Lease cancellations, exit costs and estimated costs to sell or close hospitals and other facilities   $ 85   $ 18   $ (36 ) $ (5 ) $ 62
Impairment losses to value property, equipment, goodwill and other assets at estimated fair values         76         (76 )  
Severance costs in connection with the implementation of hospital cost-control programs, general overhead-reduction plans, closure of home health agencies and closure of hospitals and termination of physician
contracts
    12     5     (8 )       9
Accruals for unfavorable lease commitments at six medical office buildings     10         (2 )       8
Buyout of physician contracts     28         (22 )       6
   
 
 
 
 
    $ 135   $ 99   $ (68 ) $ (81 ) $ 85
   
 
 
 
 

(1)
The above liability balances are included in other current liabilites and other long-term liabilities in the accompanying consolidated balance sheets.

(2)
Other transactions primarily include write-offs of long-lived assets.

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  Balances at Beginning of Period(1)
  Charges
  Cash Payments
  Other Items(2)
  Balances at End of Period(1)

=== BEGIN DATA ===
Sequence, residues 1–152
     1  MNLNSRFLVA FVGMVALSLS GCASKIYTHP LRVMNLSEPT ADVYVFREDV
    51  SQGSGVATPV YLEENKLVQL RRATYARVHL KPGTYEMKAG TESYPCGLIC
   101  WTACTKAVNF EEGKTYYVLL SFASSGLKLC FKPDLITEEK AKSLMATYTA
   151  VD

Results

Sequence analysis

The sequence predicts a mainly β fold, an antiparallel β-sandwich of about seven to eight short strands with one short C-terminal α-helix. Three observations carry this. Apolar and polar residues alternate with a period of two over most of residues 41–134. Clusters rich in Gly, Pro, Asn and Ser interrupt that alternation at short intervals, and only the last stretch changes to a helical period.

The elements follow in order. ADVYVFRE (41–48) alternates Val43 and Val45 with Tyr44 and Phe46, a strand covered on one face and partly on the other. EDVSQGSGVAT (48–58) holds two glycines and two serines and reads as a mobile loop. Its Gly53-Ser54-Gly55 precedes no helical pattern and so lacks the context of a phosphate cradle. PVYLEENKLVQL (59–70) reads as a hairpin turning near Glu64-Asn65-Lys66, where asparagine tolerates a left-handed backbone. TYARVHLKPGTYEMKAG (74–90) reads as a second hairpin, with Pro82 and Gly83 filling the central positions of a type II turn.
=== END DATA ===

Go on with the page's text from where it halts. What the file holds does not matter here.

(Dollars in Millions)

Seven months ended December 31, 2002                              
Lease cancellations, exit costs and estimated costs to sell or close hospitals and other facilities   $ 62   $   $ (9 ) $ (10 ) $ 43
Impairment losses to value property and equipment at estimated fair values         383         (383 )  
Severance costs in connection with the implementation of hospital cost-control programs, general overhead-reduction plans, and cost-reduction consulting fees     9     13     (3 )   (10 )   9
Accruals for unfavorable lease commitments at six medical office buildings     8         (1 )       7
Buyout of physician contracts     6         (2 )       4
   
 
 
 
 
    $ 85   $ 396   $ (15 ) $ (403 ) $ 63
   
 
 
 
 

(1)
The above liability balances are included in other current liabilites and other long-term liabilities in the accompanying consolidated balance sheets.

(2)
Other transactions primarily include write-offs of long-lived assets.